- Don’t underestimate behavioral change required especially across functional hierarchies
- Understand the role of the three communities; especially the Scaling Community which acts as a bridge
- Scaling well demands dynamic resource allocation; shift resources fast behind a “winner”
- Eventually scaling will demand changes to your operating model
- Use Engine 2 to build specific capabilities
Jutta Eckstein and John Buck of The Cociocracy Group
- “Every company is a software development company but some dont know it yet
- “There is no such thing as “Spotify model”. If you take their model, inspect and adapt, then maybe it is OK….So they say.”
- “Always use lower case A in “agile” (substitute for ‘nimble’, whenever your can)
- “Fixed budgets will kill organizational agility (refer to Beyond Budgetting)”
Laurence Jourdain of BNP Paribas Fortis
-[You should] “keep a small group of internal coaches but hire many professional coaches from” [reputable places]
Joshua Seckel of Sevatec
- “I don’t have a power point today. –> I may not have any power but I do have a point to make.”
Sudhir Nelvagal of General Electric
- [The company] “is transforming and it is over 125 years old into a lean start up”
- [You have to make] “huge focus on Senior Leadership coaching”
- Using burn-down charts with Senior Management has pluses and minuses. (E.g. velocity policing [is a big minus])
Susan Courtney of Blue Cross Blue Shield
- Problem statement: “Leadership did not know how to reward talent”
- [Had to] bring in Leadership Development coach
- “Culture change is not negotiable”
- Lessons Learned:
- “Build critical mass around the journey – find like minded people”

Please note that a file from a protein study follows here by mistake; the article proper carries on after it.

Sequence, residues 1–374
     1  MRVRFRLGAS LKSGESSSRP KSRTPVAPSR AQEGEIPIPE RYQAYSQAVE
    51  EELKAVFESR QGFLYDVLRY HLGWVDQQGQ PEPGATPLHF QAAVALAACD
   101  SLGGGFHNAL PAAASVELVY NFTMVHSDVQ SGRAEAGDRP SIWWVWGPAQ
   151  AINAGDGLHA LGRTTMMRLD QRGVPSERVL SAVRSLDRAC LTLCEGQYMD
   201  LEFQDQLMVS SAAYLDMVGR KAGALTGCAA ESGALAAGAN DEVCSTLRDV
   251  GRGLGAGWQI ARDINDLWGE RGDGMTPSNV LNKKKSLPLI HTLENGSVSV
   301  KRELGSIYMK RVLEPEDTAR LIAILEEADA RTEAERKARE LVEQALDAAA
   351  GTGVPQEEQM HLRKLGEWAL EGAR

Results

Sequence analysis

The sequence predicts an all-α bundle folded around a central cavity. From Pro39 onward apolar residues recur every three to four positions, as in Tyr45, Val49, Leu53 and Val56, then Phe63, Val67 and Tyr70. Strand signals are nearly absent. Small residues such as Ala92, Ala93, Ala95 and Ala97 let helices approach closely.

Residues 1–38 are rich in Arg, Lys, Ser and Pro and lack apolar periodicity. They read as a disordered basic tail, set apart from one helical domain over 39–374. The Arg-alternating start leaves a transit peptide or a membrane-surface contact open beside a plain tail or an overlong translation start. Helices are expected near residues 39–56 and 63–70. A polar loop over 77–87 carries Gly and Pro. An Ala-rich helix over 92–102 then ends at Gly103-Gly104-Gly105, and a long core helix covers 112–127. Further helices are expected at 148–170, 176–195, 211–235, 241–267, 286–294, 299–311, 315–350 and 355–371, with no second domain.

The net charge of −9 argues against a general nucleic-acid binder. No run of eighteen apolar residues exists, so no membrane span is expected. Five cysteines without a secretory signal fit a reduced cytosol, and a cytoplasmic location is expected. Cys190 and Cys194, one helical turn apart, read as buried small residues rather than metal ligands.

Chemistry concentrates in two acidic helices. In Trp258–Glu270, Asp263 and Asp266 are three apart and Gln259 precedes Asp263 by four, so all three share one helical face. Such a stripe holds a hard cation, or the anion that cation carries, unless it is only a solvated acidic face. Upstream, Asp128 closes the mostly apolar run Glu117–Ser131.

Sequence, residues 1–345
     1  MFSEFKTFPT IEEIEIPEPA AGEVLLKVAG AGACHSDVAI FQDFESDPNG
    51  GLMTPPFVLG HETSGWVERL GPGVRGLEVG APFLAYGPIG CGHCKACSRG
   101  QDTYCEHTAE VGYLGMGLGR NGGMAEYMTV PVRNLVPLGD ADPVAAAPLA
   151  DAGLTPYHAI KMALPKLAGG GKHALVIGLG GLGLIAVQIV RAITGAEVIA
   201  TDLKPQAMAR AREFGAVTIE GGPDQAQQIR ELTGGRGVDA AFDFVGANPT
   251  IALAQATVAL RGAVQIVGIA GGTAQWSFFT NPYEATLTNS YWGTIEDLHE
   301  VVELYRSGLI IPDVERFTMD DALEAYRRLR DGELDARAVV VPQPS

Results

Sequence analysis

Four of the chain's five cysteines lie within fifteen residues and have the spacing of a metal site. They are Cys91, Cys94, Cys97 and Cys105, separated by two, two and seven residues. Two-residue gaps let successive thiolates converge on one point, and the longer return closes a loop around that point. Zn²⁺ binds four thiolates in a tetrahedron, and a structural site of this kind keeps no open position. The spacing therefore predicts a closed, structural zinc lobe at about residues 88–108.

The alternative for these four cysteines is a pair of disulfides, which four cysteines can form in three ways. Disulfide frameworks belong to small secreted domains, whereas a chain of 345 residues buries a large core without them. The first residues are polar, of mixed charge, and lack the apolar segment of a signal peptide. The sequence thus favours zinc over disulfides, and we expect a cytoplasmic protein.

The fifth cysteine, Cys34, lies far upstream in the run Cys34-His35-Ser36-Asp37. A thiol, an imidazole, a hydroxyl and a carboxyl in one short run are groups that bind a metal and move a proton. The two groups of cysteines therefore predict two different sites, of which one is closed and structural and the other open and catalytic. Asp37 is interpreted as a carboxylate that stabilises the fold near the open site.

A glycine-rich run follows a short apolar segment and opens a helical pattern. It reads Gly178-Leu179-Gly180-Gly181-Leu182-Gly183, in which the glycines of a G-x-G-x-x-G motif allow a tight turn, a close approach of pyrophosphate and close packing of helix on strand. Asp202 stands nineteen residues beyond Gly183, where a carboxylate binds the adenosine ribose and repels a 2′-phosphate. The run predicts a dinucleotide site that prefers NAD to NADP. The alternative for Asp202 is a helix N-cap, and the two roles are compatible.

- “Right people – in the right roles (nice does not = good fit)”
- “Identify and remove toxic people, especially leaders”
- “Value culture fit as much as functional skills”
- “Clarity & co-creation of road-maps”
- “Do this WITH OR in-spite of HR”
- “CULTURE-CULTURE-CULTURE…if you say it’s who you are, you have to mean it (actions not just words)”
David Horowitz & Matias Nino of REI Systems
- “We should stop thinking that ‘everything that what happens in retros stays in retros. We should produce a lot of retrospective radiators.”
Melissa Boggs of Agile42
- “Your have to change organizational culture as a barrier to agile success”
- “It makes sense to focus on principles not on practices”
Jason Tice of World Wide Technology
“If you want to be able to speak to HR, you have to learn how to speak their language”
Amanda Bellwood of Sky Betting and Gaming
- “Embed HR people onto teams”
- “Have HR run their own daily stand-ups and have them come and see what other teams are doing at their stand-ups”
Some personal Kodak moments at the conference:
- 1st row (Left to Right): w/ Steve Denning, w/Mike Beedle
- 2nd row (Left to Right): w/Zuzi Sochova, w/Jeff Suit Lopez-Stuit
This page is being gradually developed towards May, 2018 Big Apple Scrum Day Coaching Clinic.
For similar past events please visit:
Below are some basic guidelines for participating coaches on how to run a coaching clinic during Big Apple Scrum Day. Experience and working models of previous clinics (Scrum Alliance, Agile Alliance) have being used. If you have other recommendations or additional ideas, please suggest 🙂 .
General Coaching Guidelines:
- Wear a coaching hat – we shall try to get some from Scrum Alliance folks (their ‘station’ should near the clinic)
- Walk-ins are OK if we have capacity
- Each session is limited to 15 min, unless there is no line – then you can attend to another person
- Appointments get priority over walk-ins
- It is OK to offer a business card for future consultation but Do NOT sell services or proactively solicit business, while coaching
- Paired coaching is OK if we have capacity (one coach works, another observes; then– debrief).